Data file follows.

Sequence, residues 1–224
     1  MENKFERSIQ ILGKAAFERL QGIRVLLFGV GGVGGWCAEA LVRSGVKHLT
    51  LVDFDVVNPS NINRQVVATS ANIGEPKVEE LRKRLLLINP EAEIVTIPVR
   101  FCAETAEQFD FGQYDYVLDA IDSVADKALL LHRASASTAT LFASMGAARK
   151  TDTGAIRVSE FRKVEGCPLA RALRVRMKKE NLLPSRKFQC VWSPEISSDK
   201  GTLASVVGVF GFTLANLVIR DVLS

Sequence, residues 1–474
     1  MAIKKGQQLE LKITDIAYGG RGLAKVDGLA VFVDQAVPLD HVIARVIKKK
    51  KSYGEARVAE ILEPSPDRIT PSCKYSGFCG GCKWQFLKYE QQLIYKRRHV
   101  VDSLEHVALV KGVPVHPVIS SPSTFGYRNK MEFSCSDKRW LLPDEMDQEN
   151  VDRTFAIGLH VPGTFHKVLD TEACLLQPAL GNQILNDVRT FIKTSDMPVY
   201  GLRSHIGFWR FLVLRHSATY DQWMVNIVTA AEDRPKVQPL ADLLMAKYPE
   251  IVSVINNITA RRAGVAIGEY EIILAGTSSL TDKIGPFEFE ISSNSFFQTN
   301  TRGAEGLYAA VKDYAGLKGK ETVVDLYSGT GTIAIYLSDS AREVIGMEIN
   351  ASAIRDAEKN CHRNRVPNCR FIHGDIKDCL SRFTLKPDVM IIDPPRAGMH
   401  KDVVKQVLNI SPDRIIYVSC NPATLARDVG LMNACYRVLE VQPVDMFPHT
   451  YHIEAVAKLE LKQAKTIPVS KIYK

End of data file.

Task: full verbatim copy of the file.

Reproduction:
Sequence, residues 1–224
     1  MENKFERSIQ ILGKAAFERL QGIRVLLFGV GGVGGWCAEA LVRSGVKHLT
    51  LVDFDVVNPS NINRQVVATS ANIGEPKVEE LRKRLLLINP EAEIVTIPVR
   101  FCAETAEQFD FGQYDYVLDA IDSVADKALL LHRASASTAT LFASMGAARK
   151  TDTGAIRVSE FRKVEGCPLA RALRVRMKKE NLLPSRKFQC VWSPEISSDK
   201  GTLASVVGVF GFTLANLVIR DVLS

Sequence, residues 1–474
     1  MAIKKGQQLE LKITDIAYGG RGLAKVDGLA VFVDQAVPLD HVIARVIKKK
    51  KSYGEARVAE ILEPSPDRIT PSCKYSGFCG GCKWQFLKYE QQLIYKRRHV
   101  VDSLEHVALV KGVPVHPVIS SPSTFGYRNK MEFSCSDKRW LLPDEMDQEN
   151  VDRTFAIGLH VPGTFHKVLD TEACLLQPAL GNQILNDVRT FIKTSDMPVY
   201  GLRSHIGFWR FLVLRHSATY DQWMVNIVTA AEDRPKVQPL ADLLMAKYPE
   251  IVSVINNITA RRAGVAIGEY EIILAGTSSL TDKIGPFEFE ISSNSFFQTN
   301  TRGAEGLYAA VKDYAGLKGK ETVVDLYSGT GTIAIYLSDS AREVIGMEIN
   351  ASAIRDAEKN CHRNRVPNCR FIHGDIKDCL SRFTLKPDVM IIDPPRAGMH
   401  KDVVKQVLNI SPDRIIYVSC NPATLARDVG LMNACYRVLE VQPVDMFPHT
   451  YHIEAVAKLE LKQAKTIPVS KIYK